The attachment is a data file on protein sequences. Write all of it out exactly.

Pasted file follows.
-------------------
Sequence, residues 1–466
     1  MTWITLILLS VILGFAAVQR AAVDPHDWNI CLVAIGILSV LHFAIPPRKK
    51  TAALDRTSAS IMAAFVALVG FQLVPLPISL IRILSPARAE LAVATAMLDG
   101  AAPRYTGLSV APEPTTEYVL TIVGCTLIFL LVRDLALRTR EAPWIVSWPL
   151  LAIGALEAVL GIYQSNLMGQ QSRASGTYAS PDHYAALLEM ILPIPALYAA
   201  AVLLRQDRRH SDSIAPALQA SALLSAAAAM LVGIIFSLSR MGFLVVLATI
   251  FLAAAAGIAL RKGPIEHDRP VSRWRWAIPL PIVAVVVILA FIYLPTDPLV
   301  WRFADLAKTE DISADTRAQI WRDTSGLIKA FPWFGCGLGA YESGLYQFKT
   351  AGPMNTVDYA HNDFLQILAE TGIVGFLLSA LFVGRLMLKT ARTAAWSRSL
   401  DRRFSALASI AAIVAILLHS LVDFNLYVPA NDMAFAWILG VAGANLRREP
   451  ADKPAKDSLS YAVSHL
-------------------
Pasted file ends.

Sequence, residues 1–466
     1  MTWITLILLS VILGFAAVQR AAVDPHDWNI CLVAIGILSV LHFAIPPRKK
    51  TAALDRTSAS IMAAFVALVG FQLVPLPISL IRILSPARAE LAVATAMLDG
   101  AAPRYTGLSV APEPTTEYVL TIVGCTLIFL LVRDLALRTR EAPWIVSWPL
   151  LAIGALEAVL GIYQSNLMGQ QSRASGTYAS PDHYAALLEM ILPIPALYAA
   201  AVLLRQDRRH SDSIAPALQA SALLSAAAAM LVGIIFSLSR MGFLVVLATI
   251  FLAAAAGIAL RKGPIEHDRP VSRWRWAIPL PIVAVVVILA FIYLPTDPLV
   301  WRFADLAKTE DISADTRAQI WRDTSGLIKA FPWFGCGLGA YESGLYQFKT
   351  AGPMNTVDYA HNDFLQILAE TGIVGFLLSA LFVGRLMLKT ARTAAWSRSL
   401  DRRFSALASI AAIVAILLHS LVDFNLYVPA NDMAFAWILG VAGANLRREP
   451  ADKPAKDSLS YAVSHL